So let’s take a look at your new Guardians of the Galaxy, shall we?
Eisner-winning writer Mark Waid has put his muscle behind a new college course — and everyone is invited into the classroom.
The course is a Massive Open Online Course (MOOC) titled “Gender Through Comic Books,” and it will feature interviews with Brian Bendis, Scott Snyder, Matt Fraction, Gail Simone, editor Sana Amanat, and a host of other comics creators and insiders.
This isn’t just coming out of the blue: Ball State University adjunct professor and doctoral candidate Christina Blanch has already taught the course in the traditional format, as she explained in an interview at Wired’s GeekMom blog, and last semester Ball State asked her to teach it as a MOOC. The course is offered via the Canvas Network, and it’s free; the only cost is the textbooks, i.e. comics, which, if you’re reading this, you may already own. Blanch is answering questions and responding to comments about the course on Twitter.
Stan Lee, who knows a thing or two about storytelling, has teamed with the animators at How It Should Have Ended to right a handful of cinematic wrongs, primarily by inserting himself into pivotal moments of films ranging from Star Wars: A New Hope to Inception to Batman Begins.
“Now that I’ve done so many unforgettable cameos, I have become an expert at all kinds of movies,” the 90-year-old creator says in the video posted on his YouTube channel. “One thing, though, that bothers me: So many of the endings of famous movies are wrong.”
But Lee isn’t content to merely alter some memorable scenes; he also imagines himself changing the course of history by ensuring three blockbusters were never made.
Legal | Forbes profiles Michael Wolk, a lawyer who’s organized the financial backing for Stan Lee Media’s prolonged, and so far unsuccessful, multibillion-dollar lawsuits against Marvel and Disney over the rights to the characters co-created by Stan Lee. Wolk’s primary investor is Elliott Management, one the nation’s largest hedge funds. SLM, which is no longer affiliated with its co-founder and namesake, asserts Lee didn’t properly assign ownership of the works to Marvel, and that Disney didn’t file its Marvel agreement with the U.S. Copyright Office. “We are in the right here,” says Wolk, who’s not actually a Stan Lee Media shareholder. “No court has ever addressed or ever decided who is the owner of the characters — all of the prior litigation got dismissed for reasons that have nothing to do with who owns the characters.” [Forbes.com, via The Beat]
Publishing | Radical Studios has secured $3 million in its first round of fundraising to further develop its catalog, expanding its digital publishing efforts and licensing capabilities. The publisher, which ultimately hopes to raise $9.5 million, has two comic-book adaptations in development at major studios: Oblivion, starring Tom Cruise, at Universal Pictures, and Hercules: The Thracian Wars, starring Dwayne Johnson, at Universal Pictures. [Variety]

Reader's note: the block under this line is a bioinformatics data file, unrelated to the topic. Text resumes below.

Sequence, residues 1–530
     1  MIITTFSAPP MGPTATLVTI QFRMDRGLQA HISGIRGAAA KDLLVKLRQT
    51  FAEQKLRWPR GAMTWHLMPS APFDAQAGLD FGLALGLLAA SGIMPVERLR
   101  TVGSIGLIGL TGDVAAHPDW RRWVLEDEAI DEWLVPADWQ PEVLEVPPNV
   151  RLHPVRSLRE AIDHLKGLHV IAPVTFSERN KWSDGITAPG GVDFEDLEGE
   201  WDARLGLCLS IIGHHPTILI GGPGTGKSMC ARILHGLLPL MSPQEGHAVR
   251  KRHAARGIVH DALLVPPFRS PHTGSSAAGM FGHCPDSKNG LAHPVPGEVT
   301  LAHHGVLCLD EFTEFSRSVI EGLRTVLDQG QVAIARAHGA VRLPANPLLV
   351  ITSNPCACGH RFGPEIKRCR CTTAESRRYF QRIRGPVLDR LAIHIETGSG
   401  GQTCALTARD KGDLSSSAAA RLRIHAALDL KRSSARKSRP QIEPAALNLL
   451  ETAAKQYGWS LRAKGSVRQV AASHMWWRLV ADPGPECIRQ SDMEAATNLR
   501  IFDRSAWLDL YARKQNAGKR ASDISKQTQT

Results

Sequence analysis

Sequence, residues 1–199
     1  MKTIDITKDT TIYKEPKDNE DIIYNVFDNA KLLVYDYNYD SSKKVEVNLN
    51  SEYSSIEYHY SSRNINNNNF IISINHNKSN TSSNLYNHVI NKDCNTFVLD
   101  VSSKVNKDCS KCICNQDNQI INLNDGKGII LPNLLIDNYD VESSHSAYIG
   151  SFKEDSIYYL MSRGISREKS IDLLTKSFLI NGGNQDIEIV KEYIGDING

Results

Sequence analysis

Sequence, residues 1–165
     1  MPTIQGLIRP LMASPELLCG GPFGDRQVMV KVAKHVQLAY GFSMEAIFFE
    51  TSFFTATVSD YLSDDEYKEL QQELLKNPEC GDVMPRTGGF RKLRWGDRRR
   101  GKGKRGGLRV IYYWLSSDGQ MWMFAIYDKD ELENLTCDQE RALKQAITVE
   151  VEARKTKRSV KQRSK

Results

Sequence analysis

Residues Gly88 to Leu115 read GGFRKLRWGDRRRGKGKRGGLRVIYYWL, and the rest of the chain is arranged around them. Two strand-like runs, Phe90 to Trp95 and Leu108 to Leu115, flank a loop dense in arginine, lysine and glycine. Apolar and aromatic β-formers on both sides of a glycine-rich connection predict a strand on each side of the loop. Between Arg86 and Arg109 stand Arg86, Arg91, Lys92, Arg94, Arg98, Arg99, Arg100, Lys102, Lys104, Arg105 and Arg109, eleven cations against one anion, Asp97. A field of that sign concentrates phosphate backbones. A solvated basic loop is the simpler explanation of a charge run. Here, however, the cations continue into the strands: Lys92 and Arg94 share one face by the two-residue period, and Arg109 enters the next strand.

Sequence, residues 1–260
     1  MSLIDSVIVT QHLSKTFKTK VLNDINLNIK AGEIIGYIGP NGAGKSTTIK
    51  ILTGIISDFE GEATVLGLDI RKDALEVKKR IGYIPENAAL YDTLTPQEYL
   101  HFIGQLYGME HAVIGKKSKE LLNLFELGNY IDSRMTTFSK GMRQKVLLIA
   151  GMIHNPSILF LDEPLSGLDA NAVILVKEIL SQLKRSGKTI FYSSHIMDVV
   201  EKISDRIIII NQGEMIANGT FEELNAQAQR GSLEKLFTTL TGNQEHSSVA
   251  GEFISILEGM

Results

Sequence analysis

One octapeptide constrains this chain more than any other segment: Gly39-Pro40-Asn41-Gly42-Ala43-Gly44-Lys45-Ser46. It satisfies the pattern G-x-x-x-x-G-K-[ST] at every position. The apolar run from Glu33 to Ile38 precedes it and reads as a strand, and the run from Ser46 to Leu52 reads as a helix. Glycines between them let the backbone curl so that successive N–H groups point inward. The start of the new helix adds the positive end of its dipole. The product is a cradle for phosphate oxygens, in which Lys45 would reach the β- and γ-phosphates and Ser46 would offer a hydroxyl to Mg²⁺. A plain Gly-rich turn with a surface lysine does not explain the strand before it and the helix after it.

Retailing | Dave and Adam’s Card World, billed as the largest online seller of baseball cards, has branched out, with an eye toward becoming the largest online seller of vintage comic books by 2014. “We were somewhat shocked and surprised that vintage comic books are more popular than vintage baseball cards. As a card collector, that just hurts,” c0-founder and CEO Adam Martin joked. [Lockport Union-Sun & Journal]
Headliner Stan Lee is ill and “physically unable to travel” to this weekend’s Amazing Arizona Comic Convention in Phoenix, organizers announced overnight.
The 90-year-old Lee abruptly canceled two public appearances in September only to reveal he was recuperating after having a pacemaker implanted. “Now hear this!” he wrote in a message to fans. “Your leader hath not deserted thee!” True to his word, Lee was soon as ubiquitous as ever, and recently recorded a reading of “‘Twas the Night Before Christmas” as well as a message to a 16-year-old Spider-Man fan critically wounded in a school shooting.
On the convention website, organizers explain refund procedures for attendees who purchased Stan Lee Photo Ops or Stan Lee Packages. The event, which kicks off Friday at the Phoenix Convention Center, features special guest Jim Lee and a creator lineup that includes Scott Lobdell, Joshua Hale Fialkov, John Layman, Cory Walker, Ale Garza, Jason Pearson and Kyle Higgins.
Legal | DragonCon co-founder Ed Kramer, who hasn’t been associated with the show since 2000, has been brought back to the Gwinnett County Jail and booked on child molestation charges that date back to August 2000. The 51-year-old Kramer was released on bond after his initial arrest following accusations that he sexually abused three boys, and has avoided jail and court for more than a decade because of his health problems, although he was under house arrest for a while. He was arrested again in Connecticut in 2011 for violating the conditions of his bond after he was allegedly found alone in a hotel room with a 14-year-old boy. Atlanta Magazine ran a lengthy expose on Kramer last year. [The Atlanta Journal-Constitution]
Stan Lee has created a video message for a Taft, California, teenager who was given the nickname “Bulletproof Spider-Man” after being shot a week ago at school.
Sixteen-year-old Spider-Man fan Bowe Cleveland suffered injuries to his chest and abdomen Jan. 10 after police say he was shot by classmate Bryan Oliver in an incident at Taft High School. According to The Bakersfield Californian, Oliver admitted to targeting Cleveland and another student because, he said, they had bullied him. Cleveland was slowly being awakened from a medically induced coma early this week, even as students returned to Taft High School, some wearing Spider-Man T-shirts or red and blue to show their support for the teen.